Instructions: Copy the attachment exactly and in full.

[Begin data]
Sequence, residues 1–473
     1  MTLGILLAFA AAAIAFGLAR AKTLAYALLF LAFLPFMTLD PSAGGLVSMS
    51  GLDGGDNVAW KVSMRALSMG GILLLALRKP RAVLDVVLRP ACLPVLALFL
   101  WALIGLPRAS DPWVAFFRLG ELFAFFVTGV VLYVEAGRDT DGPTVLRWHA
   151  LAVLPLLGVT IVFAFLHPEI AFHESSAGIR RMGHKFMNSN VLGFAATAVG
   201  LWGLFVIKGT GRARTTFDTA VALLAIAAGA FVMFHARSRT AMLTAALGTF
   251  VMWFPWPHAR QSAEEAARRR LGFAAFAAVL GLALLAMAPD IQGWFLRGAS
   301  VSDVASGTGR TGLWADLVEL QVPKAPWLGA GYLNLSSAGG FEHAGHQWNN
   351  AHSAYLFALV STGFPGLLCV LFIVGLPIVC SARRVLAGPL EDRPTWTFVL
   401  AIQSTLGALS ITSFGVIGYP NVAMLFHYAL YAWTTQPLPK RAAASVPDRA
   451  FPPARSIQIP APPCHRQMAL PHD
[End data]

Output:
Sequence, residues 1–473
     1  MTLGILLAFA AAAIAFGLAR AKTLAYALLF LAFLPFMTLD PSAGGLVSMS
    51  GLDGGDNVAW KVSMRALSMG GILLLALRKP RAVLDVVLRP ACLPVLALFL
   101  WALIGLPRAS DPWVAFFRLG ELFAFFVTGV VLYVEAGRDT DGPTVLRWHA
   151  LAVLPLLGVT IVFAFLHPEI AFHESSAGIR RMGHKFMNSN VLGFAATAVG
   201  LWGLFVIKGT GRARTTFDTA VALLAIAAGA FVMFHARSRT AMLTAALGTF
   251  VMWFPWPHAR QSAEEAARRR LGFAAFAAVL GLALLAMAPD IQGWFLRGAS
   301  VSDVASGTGR TGLWADLVEL QVPKAPWLGA GYLNLSSAGG FEHAGHQWNN
   351  AHSAYLFALV STGFPGLLCV LFIVGLPIVC SARRVLAGPL EDRPTWTFVL
   401  AIQSTLGALS ITSFGVIGYP NVAMLFHYAL YAWTTQPLPK RAAASVPDRA
   451  FPPARSIQIP APPCHRQMAL PHD